Giving Is Good for You
God, all I have is Yours. I am Yours. May my life reflect this truth.
Read: 1 CHRONICLES 29:1-20
 Then King David said to the whole assembly: "My son Solomon, the one whom God has chosen, is young and inexperienced. The task is great, because this palatial structure is not for man but for the LORD God.  With all my resources I have provided for the temple of my God-gold for the gold work, silver for the silver, bronze for the bronze, iron for the iron and wood for the wood, as well as onyx for the settings, turquoise, stones of various colors, and all kinds of fine stone and marble-all of these in large quantities.  Besides, in my devotion to the temple of my God I now give my personal treasures of gold and silver for the temple of my God, over and above everything I have provided for this holy temple:  three thousand talents of gold (gold of Ophir) and seven thousand talents of refined silver, for the overlaying of the walls of the buildings,  for the gold work and the silver work, and for all the work to be done by the craftsmen. Now, who is willing to consecrate themselves to the LORD today?"  Then the leaders of families, the officers of the tribes of Israel, the commanders of thousands and commanders of hundreds, and the officials in charge of the king's work gave willingly.  They gave toward the work on the temple of God five thousand talents and ten thousand darics of gold, ten thousand talents of silver, eighteen thousand talents of bronze and a hundred thousand talents of iron.  Anyone who had precious stones gave them to the treasury of the temple of the LORD in the custody of Jehiel the Gershonite.  The people rejoiced at the willing response of their leaders, for they had given freely and wholeheartedly to the LORD. David the king also rejoiced greatly.  David praised the LORD in the presence of the whole assembly, saying, "Praise be to you, LORD, the God of our father Israel, from everlasting to everlasting.  Yours, LORD, is the greatness and the power and the glory and the majesty and the splendor, for everything in heaven and earth is yours. Yours, LORD, is the kingdom; you are exalted as head over all.  Wealth and honor come from you; you are the ruler of all things. In your hands are strength and power to exalt and give strength to all. Now, our God, we give you thanks, and praise your glorious name.  "But who am I, and who are my people, that we should be able to give as generously as this? Everything comes from you, and we have given you only what comes from your hand.  We are foreigners and strangers in your sight, as were all our ancestors. Our days on earth are like a shadow, without hope.  LORD our God, all this abundance that we have provided for building you a temple for your Holy Name comes from your hand, and all of it belongs to you.  I know, my God, that you test the heart and are pleased with integrity. All these things I have given willingly and with honest intent. And now I have seen with joy how willingly your people who are here have given to you.  LORD, the God of our fathers Abraham, Isaac and Israel, keep these desires and thoughts in the hearts of your people forever, and keep their hearts loyal to you.  And give my son Solomon the wholehearted devotion to keep your commands, statutes and decrees and to do everything to build the palatial structure for which I have provided."  Then David said to the whole assembly, "Praise the LORD your God." So they all praised the LORD, the God of their fathers; they bowed down, prostrating themselves before the LORD and the king.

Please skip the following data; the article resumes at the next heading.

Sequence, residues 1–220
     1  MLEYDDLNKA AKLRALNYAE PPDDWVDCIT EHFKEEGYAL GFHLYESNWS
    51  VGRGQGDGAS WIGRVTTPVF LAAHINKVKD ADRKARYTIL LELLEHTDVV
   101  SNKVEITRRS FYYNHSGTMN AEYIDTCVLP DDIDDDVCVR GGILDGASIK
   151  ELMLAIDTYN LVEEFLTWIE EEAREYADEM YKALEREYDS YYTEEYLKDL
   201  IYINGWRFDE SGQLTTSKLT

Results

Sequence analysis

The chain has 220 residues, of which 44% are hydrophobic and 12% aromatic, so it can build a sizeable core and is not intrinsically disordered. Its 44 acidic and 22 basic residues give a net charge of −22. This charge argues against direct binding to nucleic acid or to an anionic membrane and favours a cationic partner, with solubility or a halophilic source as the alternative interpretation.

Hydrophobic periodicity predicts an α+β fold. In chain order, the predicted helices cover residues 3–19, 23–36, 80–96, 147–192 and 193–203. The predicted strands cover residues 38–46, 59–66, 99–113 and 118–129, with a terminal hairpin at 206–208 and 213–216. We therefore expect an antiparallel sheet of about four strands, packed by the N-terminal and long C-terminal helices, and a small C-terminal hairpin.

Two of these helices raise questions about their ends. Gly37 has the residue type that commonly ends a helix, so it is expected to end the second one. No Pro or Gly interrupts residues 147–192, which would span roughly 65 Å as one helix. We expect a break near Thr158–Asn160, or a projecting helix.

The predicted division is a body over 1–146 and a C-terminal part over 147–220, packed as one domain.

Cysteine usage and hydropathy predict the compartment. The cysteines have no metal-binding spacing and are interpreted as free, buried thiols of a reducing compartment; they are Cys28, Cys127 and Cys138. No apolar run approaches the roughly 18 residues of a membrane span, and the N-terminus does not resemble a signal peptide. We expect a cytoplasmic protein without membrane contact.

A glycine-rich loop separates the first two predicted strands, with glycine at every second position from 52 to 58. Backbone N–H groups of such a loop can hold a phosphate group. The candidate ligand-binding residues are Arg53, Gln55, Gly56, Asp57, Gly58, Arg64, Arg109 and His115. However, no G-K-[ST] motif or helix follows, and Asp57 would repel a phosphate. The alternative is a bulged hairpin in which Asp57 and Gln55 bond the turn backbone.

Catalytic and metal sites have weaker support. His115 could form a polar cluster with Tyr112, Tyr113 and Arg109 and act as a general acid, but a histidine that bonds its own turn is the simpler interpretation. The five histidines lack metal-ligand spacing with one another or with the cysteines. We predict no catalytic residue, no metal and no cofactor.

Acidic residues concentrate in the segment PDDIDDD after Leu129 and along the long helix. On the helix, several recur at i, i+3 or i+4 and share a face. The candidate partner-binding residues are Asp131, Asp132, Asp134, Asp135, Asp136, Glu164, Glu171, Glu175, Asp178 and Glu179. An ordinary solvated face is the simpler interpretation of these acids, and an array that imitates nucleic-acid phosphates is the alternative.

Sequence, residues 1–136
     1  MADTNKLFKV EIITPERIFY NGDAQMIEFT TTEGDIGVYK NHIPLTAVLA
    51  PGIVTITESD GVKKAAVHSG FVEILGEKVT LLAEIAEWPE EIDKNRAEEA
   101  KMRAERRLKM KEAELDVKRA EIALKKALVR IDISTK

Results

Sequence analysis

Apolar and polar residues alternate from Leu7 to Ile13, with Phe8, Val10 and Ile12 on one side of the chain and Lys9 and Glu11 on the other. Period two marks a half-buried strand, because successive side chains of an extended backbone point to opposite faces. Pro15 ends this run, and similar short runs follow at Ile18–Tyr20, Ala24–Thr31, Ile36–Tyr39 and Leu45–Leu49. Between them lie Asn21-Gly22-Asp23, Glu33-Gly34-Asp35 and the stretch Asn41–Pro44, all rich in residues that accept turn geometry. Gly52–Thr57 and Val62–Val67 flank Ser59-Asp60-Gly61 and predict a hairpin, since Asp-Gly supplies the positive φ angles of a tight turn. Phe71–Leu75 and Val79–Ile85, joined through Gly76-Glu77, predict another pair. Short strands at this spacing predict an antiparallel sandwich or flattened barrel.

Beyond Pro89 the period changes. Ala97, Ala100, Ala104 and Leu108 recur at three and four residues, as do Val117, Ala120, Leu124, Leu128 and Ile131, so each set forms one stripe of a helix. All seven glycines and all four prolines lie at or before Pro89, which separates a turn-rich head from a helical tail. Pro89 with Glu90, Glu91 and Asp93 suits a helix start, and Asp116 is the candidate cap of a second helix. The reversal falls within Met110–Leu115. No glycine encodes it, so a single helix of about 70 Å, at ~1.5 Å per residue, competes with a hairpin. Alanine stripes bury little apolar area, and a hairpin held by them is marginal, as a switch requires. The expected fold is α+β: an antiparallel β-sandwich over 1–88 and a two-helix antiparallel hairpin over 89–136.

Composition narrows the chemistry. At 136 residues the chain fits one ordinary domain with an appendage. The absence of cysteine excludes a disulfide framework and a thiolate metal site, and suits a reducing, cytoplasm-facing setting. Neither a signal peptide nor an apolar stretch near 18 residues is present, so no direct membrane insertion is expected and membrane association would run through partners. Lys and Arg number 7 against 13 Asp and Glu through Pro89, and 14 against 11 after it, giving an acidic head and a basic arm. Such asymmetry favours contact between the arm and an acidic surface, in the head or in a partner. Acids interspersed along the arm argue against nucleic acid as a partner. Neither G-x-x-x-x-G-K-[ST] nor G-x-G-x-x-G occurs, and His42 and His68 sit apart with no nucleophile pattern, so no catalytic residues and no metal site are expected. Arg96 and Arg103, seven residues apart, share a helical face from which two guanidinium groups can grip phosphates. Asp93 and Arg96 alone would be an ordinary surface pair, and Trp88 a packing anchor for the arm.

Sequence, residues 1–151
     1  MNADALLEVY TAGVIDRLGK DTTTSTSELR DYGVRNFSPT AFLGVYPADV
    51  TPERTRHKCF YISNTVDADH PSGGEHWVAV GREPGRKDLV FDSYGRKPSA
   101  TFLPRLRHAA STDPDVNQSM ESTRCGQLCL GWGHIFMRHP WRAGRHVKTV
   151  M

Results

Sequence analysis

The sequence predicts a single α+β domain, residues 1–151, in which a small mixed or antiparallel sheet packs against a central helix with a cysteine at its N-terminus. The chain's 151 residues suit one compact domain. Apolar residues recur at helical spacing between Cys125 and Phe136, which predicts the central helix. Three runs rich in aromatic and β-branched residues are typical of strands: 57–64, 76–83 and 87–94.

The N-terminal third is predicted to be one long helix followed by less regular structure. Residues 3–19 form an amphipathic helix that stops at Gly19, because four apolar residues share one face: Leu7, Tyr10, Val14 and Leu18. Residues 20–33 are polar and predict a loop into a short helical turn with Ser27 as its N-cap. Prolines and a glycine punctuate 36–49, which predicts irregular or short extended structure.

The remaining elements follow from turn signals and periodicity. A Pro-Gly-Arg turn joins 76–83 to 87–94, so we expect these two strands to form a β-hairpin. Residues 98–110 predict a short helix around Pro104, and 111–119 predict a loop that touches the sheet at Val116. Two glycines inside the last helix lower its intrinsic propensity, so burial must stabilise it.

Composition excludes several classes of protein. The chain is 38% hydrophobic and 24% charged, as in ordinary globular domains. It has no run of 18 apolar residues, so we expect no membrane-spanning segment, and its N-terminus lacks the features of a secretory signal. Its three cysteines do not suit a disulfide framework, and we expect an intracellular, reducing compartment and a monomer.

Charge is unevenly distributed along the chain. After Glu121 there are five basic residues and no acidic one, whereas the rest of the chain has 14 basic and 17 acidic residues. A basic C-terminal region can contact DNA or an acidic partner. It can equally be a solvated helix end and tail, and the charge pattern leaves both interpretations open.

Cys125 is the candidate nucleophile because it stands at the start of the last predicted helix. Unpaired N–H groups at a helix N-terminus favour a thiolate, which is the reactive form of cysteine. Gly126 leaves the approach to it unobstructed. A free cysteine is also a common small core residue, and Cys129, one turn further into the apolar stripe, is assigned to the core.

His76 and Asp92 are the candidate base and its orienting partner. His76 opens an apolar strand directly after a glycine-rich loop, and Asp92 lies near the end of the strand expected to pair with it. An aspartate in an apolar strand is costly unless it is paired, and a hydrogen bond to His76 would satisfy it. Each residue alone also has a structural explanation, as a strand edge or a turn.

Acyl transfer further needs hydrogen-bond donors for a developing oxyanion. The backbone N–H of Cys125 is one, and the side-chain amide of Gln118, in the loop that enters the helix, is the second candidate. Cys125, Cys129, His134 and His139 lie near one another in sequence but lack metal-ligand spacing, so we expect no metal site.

Reflect: Do you give generously?
Many church leaders become shy about asking for money; a few seem to relish it. I know one who would say to his congregation, "I know you've got the money. You know I know you've got the money. Just release it!" As the saga of the Temple project continues, David exercises shrewd leadership skills in relation to money.
First, he leads the way (2-5). In effect he says, "I've put my money where my mouth is--will you do the same?" The effect was gratifying as it usually is in response to such boldness. Then in his prayer, David uncovers the spiritual dynamic behind all stewardship in words that have become well-known and oft-quoted: "For all things come from You and of Your own have we given You" (14). We really are only stewards, and that realization has the power to loosen our grip on "our possessions."
Finally the whole mood invoked by David is one of abandonment: "willingly, joyfully, freely, thankfully..." the words pour out. What is the secret? Read and ponder verse 17. Once again, David, "a man after God's own heart," points to the fundamental need for a heart that is right before God.
Ask God to search your heart. Is everything relinquished to the Lord? Do your actions demonstrate it?
Jesus, You gave all willingly, joyfully, and freely. You are worthy of the same from me.
Syndicated via Scripture Union